When I first had my son, I had several people approach me to tell me I “HAD” to join their Moms group. Not likely, I thought. I had lots of support from family and numerous girlfriends on maternity leave with their first children. And if you know anything about me, as soon as someone tells me I HAVE to do something, I immediately do the opposite.
Fast forward to January. It was cold, I was housebound with an 8 month old, and going a bit stir crazy. A friend mentioned over a girls night out that her Moms group offered not only an hour of fitness, but also babysitting at the same time – SOLD. As for the coffee and discussion that followed, I figured I could keep an open mind.
Four and a half years later, it turns out joining a Moms group was one of the best things I did, and when I had my second child I couldn’t wait to go back to my regular group. The fitness class is great, but the coffee and discussion (otherwise called community) is what keeps me coming back week after week. Finding my little tribe of mid-town Moms has given me something to look forward to week after week and often keeps me sane during the crazy parenting ups and downs.
Do you feel like you are losing your pre-pregnancy brain and slipping into the abyss of neighbourhood stroller walks and rainbow songs? Think you’re the only one obsessed with how to get your baby on a nap schedule? Worried everyone else can’t wait to have sex 6 weeks after birth like your partner is convinced? Time and time again, I arrived at my MumNet group feeling like I was the only one to experience the frustration, exhaustion and tedium that can come with having a baby at home. But after an hour of group discussion (read: venting and sharing with my tribe) I would leave feeling completely normal and uplifted. Knowing so many others were going through similar experiences somehow made it feel so much more manageable.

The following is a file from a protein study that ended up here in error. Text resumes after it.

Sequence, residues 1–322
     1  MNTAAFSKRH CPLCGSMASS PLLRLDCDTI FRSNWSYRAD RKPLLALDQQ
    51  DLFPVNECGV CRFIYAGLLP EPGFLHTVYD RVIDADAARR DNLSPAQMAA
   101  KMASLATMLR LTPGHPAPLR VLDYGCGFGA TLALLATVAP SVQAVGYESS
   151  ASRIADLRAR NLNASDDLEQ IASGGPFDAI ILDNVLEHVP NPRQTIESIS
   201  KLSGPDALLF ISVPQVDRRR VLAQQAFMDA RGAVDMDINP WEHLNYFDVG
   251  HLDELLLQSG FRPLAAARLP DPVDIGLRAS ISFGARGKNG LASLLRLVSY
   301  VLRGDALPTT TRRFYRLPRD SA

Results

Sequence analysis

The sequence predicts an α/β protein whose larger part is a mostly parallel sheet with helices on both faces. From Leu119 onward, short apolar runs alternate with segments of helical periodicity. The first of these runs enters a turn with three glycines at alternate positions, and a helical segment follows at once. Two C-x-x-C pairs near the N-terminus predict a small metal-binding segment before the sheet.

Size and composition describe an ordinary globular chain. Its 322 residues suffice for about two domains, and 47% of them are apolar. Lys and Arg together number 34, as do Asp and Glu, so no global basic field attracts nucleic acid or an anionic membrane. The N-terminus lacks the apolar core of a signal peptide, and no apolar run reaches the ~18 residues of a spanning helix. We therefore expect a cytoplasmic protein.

The first time I left my son with anyone other than my family was at my Moms group - and even knowing he was one room over left me terrified. I mean, he was PERFECT, so who in their right mind wouldn’t want to run out the door with him as soon as I turned my back? And even if there wasn’t an organized baby theft ring operating in mid-town, what if they forgot to give him his bottle, or didn’t pick him up when he cried? So when I walked in and saw the loveliest group of women that reminded me of my own grandmother, I breathed a huge sigh of relief. And relaxed for TWO WHOLE HOURS. I got to experience the pure bliss that is drinking a cup of coffee and having an adult conversation without being distracted every 30 seconds. Doing sit-ups without a baby in my arms. And going to the bathroom on my own! Those two hours became my treasured hours of the week, because I learned how wonderful it feels to hold your baby once you’ve had time to recharge by yourself. And that’s good for everyone.